While developing my Silent Hill story-line and characters further last night, I realised something very essential to my writing technique. I know novel planning is very much frowned upon by the brave souls that just write, based on an idea, and hope the story takes them somewhere. Yet, during my constructive meanderings and diverse planning structures, I came upon a revelation as to why I love it so much. Or perhaps more accurate, an epiphany.
The first few chapters of the novel were basically already planned out and structured in the sequence of actions that would occur. Then I went on to further character and location development, which also led to puzzle and item creation, when I decided that perhaps adding another character would add some excitement and thicken the plotline.
To my amazement, the addition of this character went from a good idea to an absolute necessity. I discovered that, after some heavy character construction and scene alterations, the new and improved plot could not survive without him in it anymore. Or at least, the story would be rather dull in comparison.
Unfortunately (or fortunately in my case), it meant changing the opening scene so much that it is no longer a facsimile of its original form. I am by no means disappointed or upset by this, as it changed the pace from a relaxed protagonist trying to determine what was calling him to Silent Hill, to an action-packed pace that leaves the protagonist and his new ally with no choice.
This change of events led me to dwelling on those writers I had met in my life who just write with no planning. Once again, I am not opposed to this form of writing and I have no antipathy towards these skilled soldiers of the pen / keyboard. Yet, many a times have I heard from them how a character or scene has led to a fundamental change to the plot, which irrevocably changed many other scenes. This frustration caused them to either postpone the writing to a future time, leave the new idea out altogether, or ended the writing of the novel altogether. When these fundamental changes occur during the planning stage, you simply need to restructure the chapter and scene development until you are satisfied that the change fits in well with the rest of the story.
Planning, of course, has some more benefits in this regard, compared to what I’ve by heard by these edge-of-their-pants writers. To determine if this significant change has any effect on your other scenes, you actually have to work through your whole book again. Now, if I had to work through everything I had written just to effect this new change, I would be devastated. However, with planning, I simply need to work through my development structures and formulas to insert the changes.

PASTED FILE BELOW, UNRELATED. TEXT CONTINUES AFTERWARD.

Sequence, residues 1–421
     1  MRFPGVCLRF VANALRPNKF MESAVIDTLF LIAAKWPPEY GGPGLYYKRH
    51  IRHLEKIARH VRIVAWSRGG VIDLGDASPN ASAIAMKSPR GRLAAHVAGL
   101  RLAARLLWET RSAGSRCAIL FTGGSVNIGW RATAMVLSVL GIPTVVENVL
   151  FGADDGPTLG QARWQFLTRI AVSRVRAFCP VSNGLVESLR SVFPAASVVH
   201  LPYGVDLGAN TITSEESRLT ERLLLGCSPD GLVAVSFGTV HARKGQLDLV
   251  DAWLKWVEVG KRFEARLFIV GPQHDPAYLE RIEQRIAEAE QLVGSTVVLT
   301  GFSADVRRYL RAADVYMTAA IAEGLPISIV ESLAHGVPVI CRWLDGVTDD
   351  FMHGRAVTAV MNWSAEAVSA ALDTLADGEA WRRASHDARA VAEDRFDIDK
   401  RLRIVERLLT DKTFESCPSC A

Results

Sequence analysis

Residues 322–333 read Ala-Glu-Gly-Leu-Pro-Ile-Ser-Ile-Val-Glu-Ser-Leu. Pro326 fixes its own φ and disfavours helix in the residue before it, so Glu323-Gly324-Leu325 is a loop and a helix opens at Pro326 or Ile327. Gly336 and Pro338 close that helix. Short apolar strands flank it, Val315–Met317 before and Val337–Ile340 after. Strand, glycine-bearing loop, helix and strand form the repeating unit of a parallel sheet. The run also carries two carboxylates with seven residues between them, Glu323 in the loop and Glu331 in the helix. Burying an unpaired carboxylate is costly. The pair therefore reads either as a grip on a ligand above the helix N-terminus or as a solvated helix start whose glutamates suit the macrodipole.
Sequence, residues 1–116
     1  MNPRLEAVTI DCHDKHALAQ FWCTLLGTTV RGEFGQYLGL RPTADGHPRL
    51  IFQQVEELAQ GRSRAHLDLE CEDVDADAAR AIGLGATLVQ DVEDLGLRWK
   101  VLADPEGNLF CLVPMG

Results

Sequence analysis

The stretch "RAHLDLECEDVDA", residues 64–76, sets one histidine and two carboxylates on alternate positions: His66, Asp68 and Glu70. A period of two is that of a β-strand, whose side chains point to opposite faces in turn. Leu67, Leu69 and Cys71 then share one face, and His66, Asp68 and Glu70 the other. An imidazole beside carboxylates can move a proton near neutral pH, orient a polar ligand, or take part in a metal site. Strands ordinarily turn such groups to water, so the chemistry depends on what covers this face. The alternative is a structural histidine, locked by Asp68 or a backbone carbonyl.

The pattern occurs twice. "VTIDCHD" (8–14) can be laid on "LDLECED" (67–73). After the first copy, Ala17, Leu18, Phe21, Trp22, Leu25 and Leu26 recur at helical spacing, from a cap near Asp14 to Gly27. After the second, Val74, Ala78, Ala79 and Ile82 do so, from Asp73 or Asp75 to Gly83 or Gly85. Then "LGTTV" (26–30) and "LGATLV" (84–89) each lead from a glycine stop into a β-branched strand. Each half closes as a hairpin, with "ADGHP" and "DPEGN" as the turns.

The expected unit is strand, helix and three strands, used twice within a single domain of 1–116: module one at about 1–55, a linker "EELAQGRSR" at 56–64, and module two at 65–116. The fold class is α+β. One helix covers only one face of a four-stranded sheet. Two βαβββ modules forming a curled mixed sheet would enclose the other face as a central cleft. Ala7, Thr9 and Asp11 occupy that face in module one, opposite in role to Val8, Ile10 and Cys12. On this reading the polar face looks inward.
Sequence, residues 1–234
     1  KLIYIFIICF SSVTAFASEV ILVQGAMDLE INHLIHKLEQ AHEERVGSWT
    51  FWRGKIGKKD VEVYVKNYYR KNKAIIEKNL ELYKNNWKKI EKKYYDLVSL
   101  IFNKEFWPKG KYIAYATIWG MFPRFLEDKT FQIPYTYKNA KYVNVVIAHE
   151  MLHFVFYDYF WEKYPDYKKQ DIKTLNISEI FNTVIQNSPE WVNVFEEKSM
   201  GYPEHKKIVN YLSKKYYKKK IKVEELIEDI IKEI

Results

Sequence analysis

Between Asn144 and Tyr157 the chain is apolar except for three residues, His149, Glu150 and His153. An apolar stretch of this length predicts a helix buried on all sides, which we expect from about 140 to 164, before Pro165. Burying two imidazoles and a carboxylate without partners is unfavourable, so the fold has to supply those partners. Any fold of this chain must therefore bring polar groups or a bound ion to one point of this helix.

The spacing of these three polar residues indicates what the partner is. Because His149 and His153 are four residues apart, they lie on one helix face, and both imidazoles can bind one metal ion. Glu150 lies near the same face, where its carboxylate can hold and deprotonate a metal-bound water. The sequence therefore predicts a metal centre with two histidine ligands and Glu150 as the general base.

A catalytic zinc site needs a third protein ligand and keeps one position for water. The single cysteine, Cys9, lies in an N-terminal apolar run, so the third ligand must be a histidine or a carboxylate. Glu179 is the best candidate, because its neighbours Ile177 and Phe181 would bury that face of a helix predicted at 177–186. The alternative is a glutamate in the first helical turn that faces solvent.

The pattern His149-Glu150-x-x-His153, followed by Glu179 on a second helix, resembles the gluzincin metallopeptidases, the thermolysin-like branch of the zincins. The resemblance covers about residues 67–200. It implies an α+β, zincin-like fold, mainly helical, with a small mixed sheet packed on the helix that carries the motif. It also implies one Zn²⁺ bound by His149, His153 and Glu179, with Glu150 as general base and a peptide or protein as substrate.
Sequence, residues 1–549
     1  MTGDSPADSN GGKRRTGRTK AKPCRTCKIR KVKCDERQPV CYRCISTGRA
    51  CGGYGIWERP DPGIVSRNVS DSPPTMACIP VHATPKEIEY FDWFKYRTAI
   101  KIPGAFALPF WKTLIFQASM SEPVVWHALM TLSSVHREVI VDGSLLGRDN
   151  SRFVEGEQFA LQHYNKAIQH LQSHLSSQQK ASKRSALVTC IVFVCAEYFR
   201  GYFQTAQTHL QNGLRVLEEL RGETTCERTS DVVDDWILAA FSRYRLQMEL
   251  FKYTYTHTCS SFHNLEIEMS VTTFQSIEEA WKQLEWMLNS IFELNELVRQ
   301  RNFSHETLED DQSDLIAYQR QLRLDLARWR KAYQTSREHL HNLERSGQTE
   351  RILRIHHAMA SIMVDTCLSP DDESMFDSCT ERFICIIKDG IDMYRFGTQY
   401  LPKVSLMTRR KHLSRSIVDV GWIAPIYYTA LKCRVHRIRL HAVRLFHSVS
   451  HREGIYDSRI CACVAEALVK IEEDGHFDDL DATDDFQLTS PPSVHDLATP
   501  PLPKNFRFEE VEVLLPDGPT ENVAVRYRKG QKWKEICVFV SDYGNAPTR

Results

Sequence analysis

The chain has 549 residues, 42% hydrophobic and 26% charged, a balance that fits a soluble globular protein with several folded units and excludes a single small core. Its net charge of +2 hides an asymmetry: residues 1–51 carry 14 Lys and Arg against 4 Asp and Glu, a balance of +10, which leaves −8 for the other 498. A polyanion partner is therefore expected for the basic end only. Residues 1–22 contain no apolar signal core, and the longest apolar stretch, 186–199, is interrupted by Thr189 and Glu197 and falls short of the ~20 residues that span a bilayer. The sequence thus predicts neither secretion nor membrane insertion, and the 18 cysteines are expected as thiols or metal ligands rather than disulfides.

Which actually is the non-planned perfect segue for talking about my experience with Microsoft OneNote (ok, so not planning something can be pretty cool sometimes). I am so glad I discovered this program! It was sort of a “Hey, what is this?” moment. OneNote really gives me the ability to structure my various layers of novel development literally in one note. And because it is also available online, I can open and work on it anywhere on any platform… yes, even my phone.
It allows me to save various pages in my note, which means I can separate between my character development, scene selection, bestiary, etc. And since I can colour the various sections on my pages, I am able to maintain the golden (or red, blue, green) thread throughout.
Contrary to popular belief, planning a story does not mean that I lose the ability for spontaneity or disregarding a new idea because it was not part of the original plan. There are still times when characters will do something unusual, or not as you had detailed for them to be. The course of the story may take on a slightly different flavour, as long as it sticks to the original storyline and milestones. It’s the best of both worlds, and I definitely do not encouarage one without the other.
If you need assistance with planning and development of a story, give me a shout at email@example.com. In time you will learn that planning a story can be just as exciting for you as the writer as the anticipation and build-up for the book release is for the reader.
The Count of Celenic Earth